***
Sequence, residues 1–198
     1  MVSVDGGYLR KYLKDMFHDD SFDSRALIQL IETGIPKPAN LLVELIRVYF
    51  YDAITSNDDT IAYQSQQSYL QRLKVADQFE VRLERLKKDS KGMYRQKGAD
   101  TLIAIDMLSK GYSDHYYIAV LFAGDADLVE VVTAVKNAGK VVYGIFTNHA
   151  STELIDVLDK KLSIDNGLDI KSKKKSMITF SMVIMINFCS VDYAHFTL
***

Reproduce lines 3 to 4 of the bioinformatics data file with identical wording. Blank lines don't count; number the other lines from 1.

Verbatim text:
    51  YDAITSNDDT IAYQSQQSYL QRLKVADQFE VRLERLKKDS KGMYRQKGAD
   101  TLIAIDMLSK GYSDHYYIAV LFAGDADLVE VVTAVKNAGK VVYGIFTNHA